New Spam Record
Figure this, 50% of spam comes from a single source, a 3,00,000 zombie computers strong botnet called Srizbi.
An excerpt from Infoworld:
Joe Stewart, director at U.S. consultancy Secure Works, said the Srizbi Trojan is the biggest botnet in history and the most powerful. He said Srizbi, aka “Cbeplay” and “Exchanger,” can blast out 60 billion messages a day.
Storm is now in a tea cup after its spam output was cut down to a mere 2 percent, due to widespread media coverage which kicked off a race by security vendors to squash the threat.
Other botnets spitting spam are Rustock, Mega-D, Spam-D and Storm (in that order). Botnets operate by surreptitiously installing on a system and co-ordinating with a command center. Spreading across hundreds of systems, the command center is used to trigger massive data outbursts such as the one that contributes all the spam mentioned above. What makes the task of detecting them tough is that they have been engineered to shut down randomly, making detection that much tougher. Botnets today represent the single largest threat to the Internet.
Virus spreading via Audio file: Not Really
Fake mp3s and movie files doing the rounds on P2P networks such as limewire are actually trojan horse programs reports McAfee.
An excerpt from PC World:
On Tuesday, security vendor McAfee reported that it’s seen a huge spike in fake MP3 files spreading on peer-to-peer networks. Although the files have names that make them look like audio recordings, they’re really Trojan horse programs that try to install a shoddy media player and adware on your computer, said Craig Schmugar, a researcher with McAfee.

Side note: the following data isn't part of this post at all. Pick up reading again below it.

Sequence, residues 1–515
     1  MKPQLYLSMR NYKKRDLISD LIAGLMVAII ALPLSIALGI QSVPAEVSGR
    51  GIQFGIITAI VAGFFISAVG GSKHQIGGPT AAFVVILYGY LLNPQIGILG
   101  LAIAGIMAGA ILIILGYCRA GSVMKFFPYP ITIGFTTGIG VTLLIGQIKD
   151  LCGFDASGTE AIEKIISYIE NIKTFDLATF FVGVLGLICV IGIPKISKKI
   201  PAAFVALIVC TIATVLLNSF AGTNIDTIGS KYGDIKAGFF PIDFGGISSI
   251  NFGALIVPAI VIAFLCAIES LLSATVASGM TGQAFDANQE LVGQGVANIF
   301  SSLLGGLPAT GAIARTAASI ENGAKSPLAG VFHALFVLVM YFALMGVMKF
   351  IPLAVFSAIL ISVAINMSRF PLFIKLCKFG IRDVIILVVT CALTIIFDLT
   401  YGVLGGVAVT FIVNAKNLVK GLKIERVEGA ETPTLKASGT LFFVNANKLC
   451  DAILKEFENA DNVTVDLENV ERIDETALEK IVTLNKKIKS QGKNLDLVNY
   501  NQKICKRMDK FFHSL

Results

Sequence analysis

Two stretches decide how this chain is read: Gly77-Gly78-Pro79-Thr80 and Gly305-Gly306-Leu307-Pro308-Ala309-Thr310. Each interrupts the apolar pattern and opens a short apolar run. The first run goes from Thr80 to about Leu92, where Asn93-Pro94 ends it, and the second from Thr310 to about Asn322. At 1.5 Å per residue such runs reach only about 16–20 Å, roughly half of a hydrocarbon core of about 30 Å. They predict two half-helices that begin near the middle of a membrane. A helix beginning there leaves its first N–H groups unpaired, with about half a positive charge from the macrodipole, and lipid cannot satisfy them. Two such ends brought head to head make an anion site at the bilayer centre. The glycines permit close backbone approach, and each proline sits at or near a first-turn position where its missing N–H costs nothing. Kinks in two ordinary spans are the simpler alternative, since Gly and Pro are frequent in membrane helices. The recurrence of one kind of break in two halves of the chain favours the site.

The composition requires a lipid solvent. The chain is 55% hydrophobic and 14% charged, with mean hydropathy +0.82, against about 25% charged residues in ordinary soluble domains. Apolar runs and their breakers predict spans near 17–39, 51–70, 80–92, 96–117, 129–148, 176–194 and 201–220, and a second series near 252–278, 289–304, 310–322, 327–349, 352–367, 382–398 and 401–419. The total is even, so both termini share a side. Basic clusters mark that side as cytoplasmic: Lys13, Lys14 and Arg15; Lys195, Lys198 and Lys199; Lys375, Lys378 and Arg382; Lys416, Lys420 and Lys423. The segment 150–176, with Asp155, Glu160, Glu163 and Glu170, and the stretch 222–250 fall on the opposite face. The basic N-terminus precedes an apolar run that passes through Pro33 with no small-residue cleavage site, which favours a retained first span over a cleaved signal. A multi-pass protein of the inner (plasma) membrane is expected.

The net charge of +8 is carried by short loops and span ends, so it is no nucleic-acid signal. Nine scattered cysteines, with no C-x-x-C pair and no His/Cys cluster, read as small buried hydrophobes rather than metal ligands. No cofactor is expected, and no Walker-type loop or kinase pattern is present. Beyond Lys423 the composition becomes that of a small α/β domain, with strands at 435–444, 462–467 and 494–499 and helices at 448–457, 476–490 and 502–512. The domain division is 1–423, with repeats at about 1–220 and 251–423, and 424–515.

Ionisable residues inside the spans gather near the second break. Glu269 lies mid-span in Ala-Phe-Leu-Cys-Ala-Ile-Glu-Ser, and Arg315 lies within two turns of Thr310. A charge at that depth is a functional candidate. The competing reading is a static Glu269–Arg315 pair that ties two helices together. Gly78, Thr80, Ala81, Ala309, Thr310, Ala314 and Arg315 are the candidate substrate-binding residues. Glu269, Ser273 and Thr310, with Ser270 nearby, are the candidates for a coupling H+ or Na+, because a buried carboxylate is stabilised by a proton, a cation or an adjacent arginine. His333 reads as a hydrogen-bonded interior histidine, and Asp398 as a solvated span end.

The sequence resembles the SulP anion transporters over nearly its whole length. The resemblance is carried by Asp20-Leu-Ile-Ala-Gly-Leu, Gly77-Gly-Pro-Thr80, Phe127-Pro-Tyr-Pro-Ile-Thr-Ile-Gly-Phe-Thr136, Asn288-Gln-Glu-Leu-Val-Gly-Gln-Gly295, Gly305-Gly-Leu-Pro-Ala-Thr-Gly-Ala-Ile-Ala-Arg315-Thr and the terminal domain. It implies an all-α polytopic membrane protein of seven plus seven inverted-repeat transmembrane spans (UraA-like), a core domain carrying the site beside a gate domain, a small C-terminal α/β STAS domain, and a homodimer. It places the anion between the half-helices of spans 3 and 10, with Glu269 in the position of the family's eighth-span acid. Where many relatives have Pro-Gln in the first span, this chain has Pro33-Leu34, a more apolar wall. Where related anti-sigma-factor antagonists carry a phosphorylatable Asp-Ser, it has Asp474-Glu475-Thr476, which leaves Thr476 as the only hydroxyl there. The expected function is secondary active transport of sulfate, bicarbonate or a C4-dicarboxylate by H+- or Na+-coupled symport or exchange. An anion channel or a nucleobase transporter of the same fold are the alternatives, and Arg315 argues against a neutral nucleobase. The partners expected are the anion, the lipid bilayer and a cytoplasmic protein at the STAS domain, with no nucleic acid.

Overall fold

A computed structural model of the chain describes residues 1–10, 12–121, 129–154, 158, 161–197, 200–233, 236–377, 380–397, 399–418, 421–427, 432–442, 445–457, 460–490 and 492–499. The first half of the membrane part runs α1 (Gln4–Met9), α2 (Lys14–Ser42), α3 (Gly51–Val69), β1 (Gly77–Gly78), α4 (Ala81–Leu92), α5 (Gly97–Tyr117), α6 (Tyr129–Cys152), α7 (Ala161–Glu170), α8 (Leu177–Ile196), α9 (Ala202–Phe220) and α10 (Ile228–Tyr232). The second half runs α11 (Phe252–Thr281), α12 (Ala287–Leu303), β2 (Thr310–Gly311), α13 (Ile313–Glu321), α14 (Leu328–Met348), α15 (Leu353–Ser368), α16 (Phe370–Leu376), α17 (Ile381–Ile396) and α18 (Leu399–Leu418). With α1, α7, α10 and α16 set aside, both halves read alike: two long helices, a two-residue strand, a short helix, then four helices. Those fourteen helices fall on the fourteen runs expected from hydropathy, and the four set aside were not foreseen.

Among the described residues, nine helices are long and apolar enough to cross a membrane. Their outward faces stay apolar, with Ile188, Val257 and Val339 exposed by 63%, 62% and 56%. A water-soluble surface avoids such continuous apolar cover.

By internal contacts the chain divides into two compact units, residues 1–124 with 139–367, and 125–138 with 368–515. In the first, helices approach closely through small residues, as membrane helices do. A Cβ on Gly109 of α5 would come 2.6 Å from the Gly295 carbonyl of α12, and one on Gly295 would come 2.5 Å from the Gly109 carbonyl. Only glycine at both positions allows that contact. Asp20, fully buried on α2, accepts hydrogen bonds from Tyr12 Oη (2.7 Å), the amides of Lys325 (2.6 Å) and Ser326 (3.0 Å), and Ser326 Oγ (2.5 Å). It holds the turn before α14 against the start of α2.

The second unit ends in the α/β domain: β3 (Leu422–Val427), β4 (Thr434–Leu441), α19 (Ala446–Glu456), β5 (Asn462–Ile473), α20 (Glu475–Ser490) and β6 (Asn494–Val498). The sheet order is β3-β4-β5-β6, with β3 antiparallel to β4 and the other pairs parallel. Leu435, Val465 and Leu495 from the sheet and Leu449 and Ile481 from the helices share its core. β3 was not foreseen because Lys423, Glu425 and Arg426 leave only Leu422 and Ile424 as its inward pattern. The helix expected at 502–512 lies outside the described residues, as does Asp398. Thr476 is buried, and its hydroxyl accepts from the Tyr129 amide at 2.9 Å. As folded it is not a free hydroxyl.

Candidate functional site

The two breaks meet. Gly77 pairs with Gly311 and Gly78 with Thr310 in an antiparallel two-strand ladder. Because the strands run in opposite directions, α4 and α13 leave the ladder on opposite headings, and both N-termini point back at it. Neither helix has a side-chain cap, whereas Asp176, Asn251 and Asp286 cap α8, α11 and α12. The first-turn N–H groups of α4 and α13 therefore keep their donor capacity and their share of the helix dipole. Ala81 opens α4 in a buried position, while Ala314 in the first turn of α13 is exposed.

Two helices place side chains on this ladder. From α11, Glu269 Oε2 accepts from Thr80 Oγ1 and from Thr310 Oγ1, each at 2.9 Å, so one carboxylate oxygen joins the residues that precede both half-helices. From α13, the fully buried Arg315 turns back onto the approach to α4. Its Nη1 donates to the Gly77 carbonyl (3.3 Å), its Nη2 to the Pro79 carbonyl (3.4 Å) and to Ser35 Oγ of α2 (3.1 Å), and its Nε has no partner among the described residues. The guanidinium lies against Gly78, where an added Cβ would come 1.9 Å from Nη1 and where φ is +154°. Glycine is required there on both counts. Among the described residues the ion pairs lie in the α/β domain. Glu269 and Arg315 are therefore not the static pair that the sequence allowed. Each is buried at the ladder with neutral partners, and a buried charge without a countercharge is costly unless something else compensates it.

“Once you run it, there is no content. You’re taken to this site to install this player which you don’t really need,” he said.
The file prompts for the installation of a player for the file. This is the flag to keep note of. If you have a media player on your system it should play the file. Period. No more questions asked.
Attack on online epilepsy forum triggers migraines, seizures
As invective as its gets, hackers seemed to be able to inflict physical pain from the malicious links posted to the Epilepsy Foundation’s site. The links lead to sources with rapidly flashing images that caused migraines and seizures among many viewers.
An excerpt from Associated Press:
The breach triggered severe migraines and near-seizure reactions in some site visitors who viewed the images. People with photosensitive epilepsy can get seizures when they’re exposed to flickering images, a response also caused by some video games and cartoons.
The attack happened when hackers exploited a security hole in the foundation’s publishing software that allowed them to quickly make numerous posts and overwhelm the site’s support forums.
The security breach was plugged but it does give reason to contemplate the extent to which freedom to post content can be exploited.